Recently I was driving past another row of shop-houses being built in our area of Phuket, and I glanced a couple of men dressed in white performing some sort of ritual on a newly placed spirit house. It was just really out of the corner of my eye, but it appeared they were in a trance of some sort, so I decided I needed to know more. What was it all about?
What is a spirit house? Wikipedia defines a these ornate miniature houses/temples as “a shrine to the protective spirit of a place that is found in the Southeast Asian countries of Burma, Cambodia, Laos, and Thailand.” Here in Thailand, it is rare to find a building without a spirit house. Our house has a fairly small one, but they can be quite large depending on the size of the building or lot. The local Tesco Lotus has one that I swear is bigger than my house!
The Thai people are mainly buddhist, but before Buddhism even arrived, the region was practicing spirit worship. So the Thai people have incorporated it into the religion. The spirit houses are believed to be shelters for good or evil spirits that previously lived in the land and would then move into the new actual house or building. Because of this belief, Thai’s provide them with free tiny housing and offerings of drink and food. The spirit houses are erected in specific locations on the land, for example, according to Travelfish.org the buildings shadow cannot fall on the spirit house. According to my friend JoJo, you cannot sit above a spirit house either… this means that the sitting area we wanted on the top of our garage was a big no-no. (There is a whole article on placing a spirit house if you are interested here.)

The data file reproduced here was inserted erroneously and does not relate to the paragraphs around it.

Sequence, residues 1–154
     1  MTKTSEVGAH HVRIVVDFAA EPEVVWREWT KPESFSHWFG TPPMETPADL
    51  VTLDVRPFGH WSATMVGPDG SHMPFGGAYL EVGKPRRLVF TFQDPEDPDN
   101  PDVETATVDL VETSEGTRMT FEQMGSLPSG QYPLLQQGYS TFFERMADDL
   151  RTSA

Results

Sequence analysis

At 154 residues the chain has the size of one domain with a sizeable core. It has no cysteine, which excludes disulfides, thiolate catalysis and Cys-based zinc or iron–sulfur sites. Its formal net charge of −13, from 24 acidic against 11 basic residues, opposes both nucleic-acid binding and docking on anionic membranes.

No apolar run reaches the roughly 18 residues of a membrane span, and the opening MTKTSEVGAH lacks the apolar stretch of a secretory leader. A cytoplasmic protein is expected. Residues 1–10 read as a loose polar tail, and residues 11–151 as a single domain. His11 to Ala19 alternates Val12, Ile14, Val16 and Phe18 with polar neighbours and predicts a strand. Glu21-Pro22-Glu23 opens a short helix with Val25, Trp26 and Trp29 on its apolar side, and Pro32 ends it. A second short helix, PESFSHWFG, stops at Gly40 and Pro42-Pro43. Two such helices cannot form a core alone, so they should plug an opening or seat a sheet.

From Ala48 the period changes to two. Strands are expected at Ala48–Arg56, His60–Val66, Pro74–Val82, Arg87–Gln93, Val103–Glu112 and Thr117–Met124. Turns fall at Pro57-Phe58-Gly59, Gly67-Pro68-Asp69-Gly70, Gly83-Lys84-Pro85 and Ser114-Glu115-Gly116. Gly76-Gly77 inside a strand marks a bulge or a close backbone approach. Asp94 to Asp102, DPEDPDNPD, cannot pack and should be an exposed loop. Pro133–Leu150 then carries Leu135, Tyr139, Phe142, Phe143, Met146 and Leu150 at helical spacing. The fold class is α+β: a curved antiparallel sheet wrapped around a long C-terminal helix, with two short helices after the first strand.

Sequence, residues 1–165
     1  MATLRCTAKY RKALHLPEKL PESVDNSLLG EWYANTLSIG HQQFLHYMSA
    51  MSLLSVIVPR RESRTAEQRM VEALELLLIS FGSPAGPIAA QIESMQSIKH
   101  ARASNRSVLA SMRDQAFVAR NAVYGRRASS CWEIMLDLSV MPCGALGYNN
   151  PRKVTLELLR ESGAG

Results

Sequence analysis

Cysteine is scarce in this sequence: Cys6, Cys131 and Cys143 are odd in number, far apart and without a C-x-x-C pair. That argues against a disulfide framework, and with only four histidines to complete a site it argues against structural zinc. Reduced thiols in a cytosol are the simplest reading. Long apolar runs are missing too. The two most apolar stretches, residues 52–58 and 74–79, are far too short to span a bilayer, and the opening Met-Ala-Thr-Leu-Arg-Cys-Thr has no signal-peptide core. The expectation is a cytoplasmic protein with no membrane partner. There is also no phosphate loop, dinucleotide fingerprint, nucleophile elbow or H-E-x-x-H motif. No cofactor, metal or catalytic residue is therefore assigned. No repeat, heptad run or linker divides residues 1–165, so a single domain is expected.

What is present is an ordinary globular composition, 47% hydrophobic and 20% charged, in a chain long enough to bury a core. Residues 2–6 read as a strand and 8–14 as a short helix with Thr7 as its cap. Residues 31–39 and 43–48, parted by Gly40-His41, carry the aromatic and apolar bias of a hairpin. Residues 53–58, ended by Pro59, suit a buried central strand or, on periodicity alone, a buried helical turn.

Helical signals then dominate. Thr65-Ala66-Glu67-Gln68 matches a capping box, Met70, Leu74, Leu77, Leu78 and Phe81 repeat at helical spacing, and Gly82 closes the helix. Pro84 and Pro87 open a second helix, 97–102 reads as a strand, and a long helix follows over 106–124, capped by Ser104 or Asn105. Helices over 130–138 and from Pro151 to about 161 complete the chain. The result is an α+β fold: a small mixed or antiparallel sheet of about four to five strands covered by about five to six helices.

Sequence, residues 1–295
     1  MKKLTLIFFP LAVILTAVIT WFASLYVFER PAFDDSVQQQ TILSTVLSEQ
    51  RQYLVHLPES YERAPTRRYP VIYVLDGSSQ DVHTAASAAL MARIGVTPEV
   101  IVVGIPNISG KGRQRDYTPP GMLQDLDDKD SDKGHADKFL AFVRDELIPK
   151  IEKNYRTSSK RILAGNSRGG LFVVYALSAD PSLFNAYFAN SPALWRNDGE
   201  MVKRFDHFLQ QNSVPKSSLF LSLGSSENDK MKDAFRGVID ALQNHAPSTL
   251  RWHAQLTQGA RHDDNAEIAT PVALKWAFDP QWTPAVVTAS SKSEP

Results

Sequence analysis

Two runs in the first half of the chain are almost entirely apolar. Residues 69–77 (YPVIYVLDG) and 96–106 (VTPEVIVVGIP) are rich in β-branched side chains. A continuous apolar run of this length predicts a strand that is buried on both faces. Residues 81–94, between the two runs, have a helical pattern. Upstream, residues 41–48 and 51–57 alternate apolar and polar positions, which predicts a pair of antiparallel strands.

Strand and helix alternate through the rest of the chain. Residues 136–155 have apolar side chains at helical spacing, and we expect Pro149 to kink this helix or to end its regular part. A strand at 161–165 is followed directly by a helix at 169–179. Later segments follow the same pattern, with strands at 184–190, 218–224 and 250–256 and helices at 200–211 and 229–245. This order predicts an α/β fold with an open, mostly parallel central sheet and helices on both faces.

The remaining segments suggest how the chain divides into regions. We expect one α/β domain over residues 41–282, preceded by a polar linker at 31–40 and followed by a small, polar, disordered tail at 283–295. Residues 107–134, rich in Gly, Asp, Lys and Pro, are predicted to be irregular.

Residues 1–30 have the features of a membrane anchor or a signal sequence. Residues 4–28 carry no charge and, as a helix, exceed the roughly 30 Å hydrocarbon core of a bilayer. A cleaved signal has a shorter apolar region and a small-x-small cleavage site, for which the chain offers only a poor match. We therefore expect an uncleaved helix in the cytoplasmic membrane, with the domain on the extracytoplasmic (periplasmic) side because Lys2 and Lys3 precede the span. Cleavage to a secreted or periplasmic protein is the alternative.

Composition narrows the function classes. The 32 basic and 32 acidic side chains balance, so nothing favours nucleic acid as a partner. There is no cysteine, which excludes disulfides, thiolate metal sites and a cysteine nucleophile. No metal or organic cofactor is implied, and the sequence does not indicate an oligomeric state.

Some of the traditional offerings placed on a spirit house include flower garlands, bananas, rice, chicken, duck, and Fanta. Candles are often used while incense is usually lit daily before a spirit house, though we don’t do that at our house. Every Chinese new year, our landlord and friend Jojo comes and cleans the spirit house and leaves new offerings. We do not believe in spirit worship at all, in fact we think of our spirit house more as a pretty garden decoration, but it is interesting to watch the process.
When a spirit house is placed, it is blessed by a priest with chanting as it is raised by the audience. There is a lot more to it , but that is what I saw that day as I drove past. I could go on for days about this subject, but I don’t want to take up all your time… so if you want to know more about spirit houses, please check out the articles in Bangkok.com, Travelfish.org, and Wikipedia.
Now it’s your turn! Have you ever seen a spirit house? Do you believe in spirit worship? Leave a comment and let’s chat!
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